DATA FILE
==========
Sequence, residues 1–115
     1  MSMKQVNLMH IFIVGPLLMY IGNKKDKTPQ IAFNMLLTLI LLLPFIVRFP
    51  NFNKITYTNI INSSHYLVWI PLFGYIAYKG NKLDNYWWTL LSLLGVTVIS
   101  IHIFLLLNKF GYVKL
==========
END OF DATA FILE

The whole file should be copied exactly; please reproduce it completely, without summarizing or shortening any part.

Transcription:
Sequence, residues 1–115
     1  MSMKQVNLMH IFIVGPLLMY IGNKKDKTPQ IAFNMLLTLI LLLPFIVRFP
    51  NFNKITYTNI INSSHYLVWI PLFGYIAYKG NKLDNYWWTL LSLLGVTVIS
   101  IHIFLLLNKF GYVKL